Good Practices: Teacher Training Materials

Science in and for Society: SSIBL at University of Southampton

The TPD course at Southampton has been designed for pre-service teachers (PSTs) and consists of up to five workshops and three independent study tasks that aim to progressively involve PSTs in teaching science based on socio-scientific inquiry-based learning. During these face-to-face sessions we focused on the various components of SSIBL gradually with PSTs. We engaged them as learners by designing SSIBL scenarios for them to take part in, they researched their own practices through small scale action-research projects on SSIBL, and they have designed, implemented and reflected on the use of SSIBL in practice as designers and reflective practitioners.
Pre-service teachers during TPD sessions
Students' map of controversial issue
Climate change activity

The TPD course at Southampton consists of up to five workshops and three independent study tasks that aim to progressively involve PSTs in teaching science based on socio-scientific inquiry-based learning. We engaged our teachers in activities where they had to take on the role of the learner in order to model for them how they could address controversies in their classroom settings (e.g. we used a mapping controversies task on a local SSI – the transmission of bovine tuberculosis to cattle from badgers), how they could discuss uncertainty and risk in scientific data (through the climate change scenario) and how they could run debates on challenging, controversial issues (e.g. testing drugs on animals).

PSTs then took on the role of designer in order to develop lesson plans to teach various topics using the SSIBL approach and the role of the teacher by implementing their resigns, and critically reflecting on their own teaching practices. The independent tasks require students to engage with the research literature on issues surrounding SSIBL, including reflections on how such an approach could be implemented in the classroom in order to produce a masters level coursework. The second task required PSTs to conduct a small-scale classroom-based intervention (action research) related to implementing SSIBL, and write it up in order to produce a second masters level coursework. Finally, all PSTs are assigned an independent school-based task of designing, implementing and evaluating the teaching of a SSIBL-based lesson or activity.

O1. Consider their own beliefs on the nature of science, how science is represented in school contexts, and how these beliefs might influence their teaching practices.

O2. Consider the place of SSIBL in the context of science education for the 21st century.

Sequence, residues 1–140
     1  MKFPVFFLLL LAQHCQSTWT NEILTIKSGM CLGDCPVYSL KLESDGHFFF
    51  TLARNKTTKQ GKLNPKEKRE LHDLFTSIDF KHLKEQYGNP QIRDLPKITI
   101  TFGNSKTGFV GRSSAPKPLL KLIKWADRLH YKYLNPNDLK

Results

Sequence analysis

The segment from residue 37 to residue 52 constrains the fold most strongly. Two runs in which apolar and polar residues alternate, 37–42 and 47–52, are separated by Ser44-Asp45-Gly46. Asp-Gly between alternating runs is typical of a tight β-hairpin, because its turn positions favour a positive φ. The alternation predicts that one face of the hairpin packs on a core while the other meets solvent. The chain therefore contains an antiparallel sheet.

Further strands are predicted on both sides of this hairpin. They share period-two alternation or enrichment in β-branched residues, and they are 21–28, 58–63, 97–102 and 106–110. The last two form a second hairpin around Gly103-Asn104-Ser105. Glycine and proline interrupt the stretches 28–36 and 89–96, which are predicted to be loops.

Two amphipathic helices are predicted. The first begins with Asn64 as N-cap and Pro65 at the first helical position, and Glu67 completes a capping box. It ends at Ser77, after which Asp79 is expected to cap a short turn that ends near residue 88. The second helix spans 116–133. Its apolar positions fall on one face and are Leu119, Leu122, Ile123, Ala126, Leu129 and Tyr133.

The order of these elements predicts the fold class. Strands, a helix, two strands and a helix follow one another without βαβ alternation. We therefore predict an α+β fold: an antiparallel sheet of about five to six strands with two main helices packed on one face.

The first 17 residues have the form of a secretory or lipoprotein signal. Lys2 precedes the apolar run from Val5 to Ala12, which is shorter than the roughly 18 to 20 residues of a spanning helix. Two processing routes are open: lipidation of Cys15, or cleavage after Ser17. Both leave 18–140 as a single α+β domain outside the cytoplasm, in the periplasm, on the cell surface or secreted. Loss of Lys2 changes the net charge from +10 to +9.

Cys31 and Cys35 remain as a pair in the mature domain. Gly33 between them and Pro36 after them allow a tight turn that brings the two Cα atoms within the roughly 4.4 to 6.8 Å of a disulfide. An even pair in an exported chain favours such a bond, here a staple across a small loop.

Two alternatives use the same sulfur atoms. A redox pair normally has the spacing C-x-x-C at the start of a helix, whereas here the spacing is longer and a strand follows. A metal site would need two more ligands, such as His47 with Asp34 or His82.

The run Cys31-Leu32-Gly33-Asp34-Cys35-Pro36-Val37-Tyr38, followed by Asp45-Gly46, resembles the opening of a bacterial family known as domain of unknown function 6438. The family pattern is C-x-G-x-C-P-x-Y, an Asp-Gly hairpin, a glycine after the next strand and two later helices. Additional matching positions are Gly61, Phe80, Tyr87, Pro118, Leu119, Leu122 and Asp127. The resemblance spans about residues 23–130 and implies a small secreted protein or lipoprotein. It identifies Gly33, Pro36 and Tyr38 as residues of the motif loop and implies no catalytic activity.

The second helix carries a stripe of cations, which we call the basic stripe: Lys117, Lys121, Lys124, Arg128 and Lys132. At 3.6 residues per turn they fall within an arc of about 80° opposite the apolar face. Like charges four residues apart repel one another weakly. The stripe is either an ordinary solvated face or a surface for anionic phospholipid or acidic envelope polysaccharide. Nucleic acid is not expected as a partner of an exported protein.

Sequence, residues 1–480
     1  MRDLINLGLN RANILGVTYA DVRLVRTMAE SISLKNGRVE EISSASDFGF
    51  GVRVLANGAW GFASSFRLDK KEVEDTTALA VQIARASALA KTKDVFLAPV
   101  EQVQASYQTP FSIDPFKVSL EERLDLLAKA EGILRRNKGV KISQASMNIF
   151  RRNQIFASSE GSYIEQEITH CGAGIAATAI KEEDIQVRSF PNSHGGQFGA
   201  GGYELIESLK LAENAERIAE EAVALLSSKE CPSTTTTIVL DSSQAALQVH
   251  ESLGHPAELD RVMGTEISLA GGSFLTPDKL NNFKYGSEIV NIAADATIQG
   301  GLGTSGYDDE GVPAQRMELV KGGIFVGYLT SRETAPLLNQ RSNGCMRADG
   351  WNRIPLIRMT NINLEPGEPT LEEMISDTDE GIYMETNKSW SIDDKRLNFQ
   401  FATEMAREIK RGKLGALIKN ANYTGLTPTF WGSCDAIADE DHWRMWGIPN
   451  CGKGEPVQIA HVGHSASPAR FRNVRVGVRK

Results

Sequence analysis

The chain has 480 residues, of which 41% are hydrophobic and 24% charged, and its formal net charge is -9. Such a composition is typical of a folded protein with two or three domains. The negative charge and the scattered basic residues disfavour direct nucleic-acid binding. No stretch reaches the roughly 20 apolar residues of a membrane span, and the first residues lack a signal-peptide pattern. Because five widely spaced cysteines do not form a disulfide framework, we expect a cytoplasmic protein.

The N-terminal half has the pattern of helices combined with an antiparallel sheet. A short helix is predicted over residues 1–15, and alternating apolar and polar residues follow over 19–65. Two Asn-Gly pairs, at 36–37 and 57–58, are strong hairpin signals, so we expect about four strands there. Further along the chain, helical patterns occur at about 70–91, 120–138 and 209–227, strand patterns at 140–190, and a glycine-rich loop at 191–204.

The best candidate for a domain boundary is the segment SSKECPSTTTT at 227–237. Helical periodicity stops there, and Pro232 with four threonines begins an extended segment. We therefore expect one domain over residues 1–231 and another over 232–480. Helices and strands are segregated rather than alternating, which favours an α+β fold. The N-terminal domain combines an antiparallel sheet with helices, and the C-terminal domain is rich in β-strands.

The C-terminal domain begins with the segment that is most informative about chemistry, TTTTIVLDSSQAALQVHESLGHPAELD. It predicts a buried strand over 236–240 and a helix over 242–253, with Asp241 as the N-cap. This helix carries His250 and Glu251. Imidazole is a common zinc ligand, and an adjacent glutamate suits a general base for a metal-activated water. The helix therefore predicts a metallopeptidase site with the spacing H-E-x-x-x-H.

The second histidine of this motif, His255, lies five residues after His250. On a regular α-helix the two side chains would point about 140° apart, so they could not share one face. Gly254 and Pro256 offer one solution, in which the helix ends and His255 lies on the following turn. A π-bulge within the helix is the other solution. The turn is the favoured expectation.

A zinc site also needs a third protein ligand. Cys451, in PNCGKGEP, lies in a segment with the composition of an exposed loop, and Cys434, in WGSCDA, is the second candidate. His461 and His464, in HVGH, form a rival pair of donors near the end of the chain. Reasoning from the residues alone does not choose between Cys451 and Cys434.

O3. Analyse teaching scenarios according to elements of the SSIBL framework.

O4. Reflect on the various elements of the SSIBL framework and on the skills required for these elements to be implemented in science classrooms.

O5. Engage with the research literature on aspects relating to the SSIBL framework (socio-scientific issues, citizenship education, inquiry-based learning, responsible research and innovation).

O6. Design and implement SSIBL-based activities in their science classrooms.

O7. Evaluate the implementation of their SSIBL activities in terms of (a) their teaching effectiveness and (b) pupil learning.

O8. Critically reflect on their own skills in relation to teaching based on SSIBL and identify areas for further professional development.

Our evaluation approach is qualitative in nature, based on data collected through interviews, focus groups, lesson observations and reflective discussions with the participating teachers and teacher educators.

We have conducted our evaluation to enable us to improve aspects of the TPD and provide additional, specific, in-school support, where needed and when possible. We consider this approach to be more appropriate given the context of teacher training in which we are operating in the UK, where pre-service teachers are asked to develop a number of skills within a short timeframe, and where the amount of time spent in placement schools means that there are few opportunities to engage with pre-service teachers extensively when they are out of school.

The questions guiding our evaluation were:

  1. How do PSTs conceptualise SSIBL?
  2. To what extent does our TPD programme support teacher professional development in relation to the SSIBL model?
  3. What supports or inhibits pre-service teachers’ development of SSIBL competencies?
  4. What conclusions can be drawn from the TPD experiences in relation to the SSIBL framework?
  5. How can the TPD programme be further adapted to better support teachers’ professional development in relation to the SSIBL framework?

European Commission

PARRISE (grant agreement 612438) is a four year programme (2014-2017) funded by the European Commission.

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